MAKKAH: Agriculture is the worlds oldest, most adaptable industry and some of the earliest cultivation techniques are still in widespread use. Authorities are now looking for new concepts and ideas to ensure their citizens eat as they address future challenges.
Saudi Arabia is one example of a country that is exploring vertical farming to ensure sufficient crops to meet growing demand. The Ministry of Environment, Water and Agriculture has provided SR100 million ($27million) to localize vertical-farming technology development.
Vertical farming is an agricultural technique that allows crops to be grown in vertically stacked layers, rather than in traditional rows. This method requires less space and yields higher crop yields per square feet of land.
Vertical farms are usually located indoors in structures like warehouses where the environment conditions that allow plants to grow to their full potential can be controlled.
Saudi Arabia’s National Research and Development Center for Sustainable Agriculture will form global partnerships and introduce vertical farming facilities in order to localize this new agricultural technique.
Vertical farming is a promising way to provide fresh crops for urban residents, and it is also a source of fresh crop production, Abdulrahman Abdullah Al-Soqeer (a faculty member at Qasim University, and a member on the board of directors of Estidamah), told Arab News.
The importance of vertical farming lies in the small space it requires, especially in large cities that are witnessing large waves of migration; two out of every three people are expected to be living in urban areas during the coming decades.
Vertical farming has the advantage of providing a variety of agricultural products, especially leafy vegetables and strawberries, in smaller areas, with less water, and in an environmentally-friendly manner. Some crops can also be grown near consumers, which reduces the need for transporting products via traditional routes that cause pollution in cities.
Vertical farming is a promising way to provide fresh crops for urban dwellers, and it is also a source of fresh crop production. It is also expected to keep up with the increasing population of the Earth (which is expected to reach nine billion by 2050).
Abdulrahman Abdullah Al-Soqeer is a faculty member at Qasim University, and a member on the board of directors for Estidamah.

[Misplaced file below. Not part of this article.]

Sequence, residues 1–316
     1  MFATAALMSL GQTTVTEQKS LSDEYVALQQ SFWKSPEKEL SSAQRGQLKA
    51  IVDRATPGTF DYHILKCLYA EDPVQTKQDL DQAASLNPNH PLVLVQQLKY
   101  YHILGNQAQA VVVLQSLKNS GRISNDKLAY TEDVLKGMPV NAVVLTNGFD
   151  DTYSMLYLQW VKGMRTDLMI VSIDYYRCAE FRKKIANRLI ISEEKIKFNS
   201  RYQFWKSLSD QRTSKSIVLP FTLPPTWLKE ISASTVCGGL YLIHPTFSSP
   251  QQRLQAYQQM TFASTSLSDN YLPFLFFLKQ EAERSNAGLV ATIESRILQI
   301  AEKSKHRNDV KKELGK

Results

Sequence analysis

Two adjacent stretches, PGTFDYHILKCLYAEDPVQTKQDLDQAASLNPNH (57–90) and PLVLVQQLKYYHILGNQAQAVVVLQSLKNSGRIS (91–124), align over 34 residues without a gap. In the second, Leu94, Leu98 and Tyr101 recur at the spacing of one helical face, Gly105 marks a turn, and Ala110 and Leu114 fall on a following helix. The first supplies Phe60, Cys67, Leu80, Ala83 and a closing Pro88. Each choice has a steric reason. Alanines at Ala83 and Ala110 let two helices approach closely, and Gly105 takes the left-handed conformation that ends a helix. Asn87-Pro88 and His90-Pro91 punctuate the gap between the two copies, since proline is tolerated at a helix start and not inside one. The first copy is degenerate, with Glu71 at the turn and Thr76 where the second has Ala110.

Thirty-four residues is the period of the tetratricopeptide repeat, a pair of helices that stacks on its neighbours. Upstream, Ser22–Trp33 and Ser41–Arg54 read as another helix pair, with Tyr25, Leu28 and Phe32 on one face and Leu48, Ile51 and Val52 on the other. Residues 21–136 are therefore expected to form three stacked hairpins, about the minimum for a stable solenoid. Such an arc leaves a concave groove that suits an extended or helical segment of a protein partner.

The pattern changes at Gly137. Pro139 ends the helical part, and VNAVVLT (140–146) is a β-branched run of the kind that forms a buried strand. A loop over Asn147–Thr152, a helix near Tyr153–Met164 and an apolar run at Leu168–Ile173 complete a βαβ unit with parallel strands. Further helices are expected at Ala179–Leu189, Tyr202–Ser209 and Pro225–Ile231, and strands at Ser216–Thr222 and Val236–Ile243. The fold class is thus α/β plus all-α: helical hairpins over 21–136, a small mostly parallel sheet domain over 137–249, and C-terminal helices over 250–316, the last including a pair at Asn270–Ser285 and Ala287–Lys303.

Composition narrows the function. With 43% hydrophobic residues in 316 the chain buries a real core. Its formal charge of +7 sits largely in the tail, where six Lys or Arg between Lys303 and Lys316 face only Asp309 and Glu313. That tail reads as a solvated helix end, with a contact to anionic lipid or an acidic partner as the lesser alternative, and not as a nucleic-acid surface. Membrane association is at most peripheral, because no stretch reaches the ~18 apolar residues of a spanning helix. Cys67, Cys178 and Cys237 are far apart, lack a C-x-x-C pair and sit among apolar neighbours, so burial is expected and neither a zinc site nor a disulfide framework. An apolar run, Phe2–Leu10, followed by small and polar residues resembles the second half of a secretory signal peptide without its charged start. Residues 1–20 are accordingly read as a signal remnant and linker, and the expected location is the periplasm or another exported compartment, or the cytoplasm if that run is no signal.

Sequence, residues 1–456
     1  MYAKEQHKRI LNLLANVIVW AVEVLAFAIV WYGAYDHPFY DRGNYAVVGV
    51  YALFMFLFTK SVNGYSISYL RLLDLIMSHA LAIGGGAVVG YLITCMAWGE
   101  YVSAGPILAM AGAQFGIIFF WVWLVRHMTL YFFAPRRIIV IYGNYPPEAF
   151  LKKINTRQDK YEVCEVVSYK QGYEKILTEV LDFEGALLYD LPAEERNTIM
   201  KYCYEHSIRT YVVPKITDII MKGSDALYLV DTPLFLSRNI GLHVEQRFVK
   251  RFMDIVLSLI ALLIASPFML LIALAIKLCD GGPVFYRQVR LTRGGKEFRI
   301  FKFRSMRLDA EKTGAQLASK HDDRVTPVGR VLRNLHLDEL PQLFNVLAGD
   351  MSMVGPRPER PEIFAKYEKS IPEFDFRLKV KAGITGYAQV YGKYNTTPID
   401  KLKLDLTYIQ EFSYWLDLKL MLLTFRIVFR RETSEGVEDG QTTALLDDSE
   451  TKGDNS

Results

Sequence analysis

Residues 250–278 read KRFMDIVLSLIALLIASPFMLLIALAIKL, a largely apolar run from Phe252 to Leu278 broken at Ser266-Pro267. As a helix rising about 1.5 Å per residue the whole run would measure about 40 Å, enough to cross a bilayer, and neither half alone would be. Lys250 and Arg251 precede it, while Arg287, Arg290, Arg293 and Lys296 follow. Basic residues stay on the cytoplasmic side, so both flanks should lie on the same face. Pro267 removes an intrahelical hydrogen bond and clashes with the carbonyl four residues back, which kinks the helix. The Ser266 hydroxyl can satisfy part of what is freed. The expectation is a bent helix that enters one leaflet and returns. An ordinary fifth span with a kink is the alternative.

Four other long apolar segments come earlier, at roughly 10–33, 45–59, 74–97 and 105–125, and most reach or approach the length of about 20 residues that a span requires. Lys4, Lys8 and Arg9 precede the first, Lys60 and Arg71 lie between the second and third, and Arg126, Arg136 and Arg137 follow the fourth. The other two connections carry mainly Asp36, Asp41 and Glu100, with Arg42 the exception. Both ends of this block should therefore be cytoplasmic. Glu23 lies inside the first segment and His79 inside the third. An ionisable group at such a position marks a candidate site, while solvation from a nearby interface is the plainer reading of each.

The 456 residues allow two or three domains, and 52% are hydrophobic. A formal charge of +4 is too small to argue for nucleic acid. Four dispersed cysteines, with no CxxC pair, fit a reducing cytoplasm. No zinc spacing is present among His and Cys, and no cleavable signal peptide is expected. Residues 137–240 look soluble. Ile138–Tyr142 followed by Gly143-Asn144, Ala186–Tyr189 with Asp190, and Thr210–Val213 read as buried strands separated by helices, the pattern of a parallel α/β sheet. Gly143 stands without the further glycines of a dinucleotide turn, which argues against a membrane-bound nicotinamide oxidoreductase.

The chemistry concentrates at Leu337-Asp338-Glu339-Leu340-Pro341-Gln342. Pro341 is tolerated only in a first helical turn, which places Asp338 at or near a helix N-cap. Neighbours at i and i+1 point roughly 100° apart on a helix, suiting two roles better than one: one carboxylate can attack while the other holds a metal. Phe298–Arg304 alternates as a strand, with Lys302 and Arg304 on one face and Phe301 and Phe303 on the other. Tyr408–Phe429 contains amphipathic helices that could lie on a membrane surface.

Vertical farming is a rapidly growing market, especially in developed countries with high populations.
Faleh Al-Juhani, an expert in vertical farming, told Arab News: The goal of vertical farming is to obtain as much food as possible and expand the variety of crops by creating exceptional climatic conditions through which we can raise production rates per square meter, so long as the appropriate conditions are available in terms of lighting, sustainability and growth and design.
Vertical farming is done in a tall building, he explained. A combination of artificial and natural light is used to obtain the necessary levels of photosynthesis, he added, and aerobic or hydroponic methods and organic matter from some plants are used to grow the crops.
This modern agricultural technique in which crops are grown indoors in vertically stacked layers could be vital for urban populations.
Al-Juhani stated that vertical farming is a way to achieve sustainability. It reduces some of the costs of traditional agriculture and saves more than 90% of the water used.
Al-Soqeers observations regarding the expected increase in urban population growth were repeated by Al-Juhani. Al-Juhani noted that 80 percent of the world’s population will live in urban areas by 2050. He also said that vertical farming will prove to be a valuable tool in meeting this demand.
It allows the production of abundant crops all year long, which is particularly significant, he added, because in Saudi Arabia, in common with other countries, many traditionally grown crops are adversely affected by cold weather, causing supply shortages that can lead to price increases that can be difficult to control.
Al-Juhani stated that vertical farming could also be used in homes, on rooftops, and on balconies, in addition to specialist facilities.
He said that it is a simple and enjoyable way to improve the soil’s efficiency and quality. Many countries around the world have found innovative and pivotal solutions that have been successful.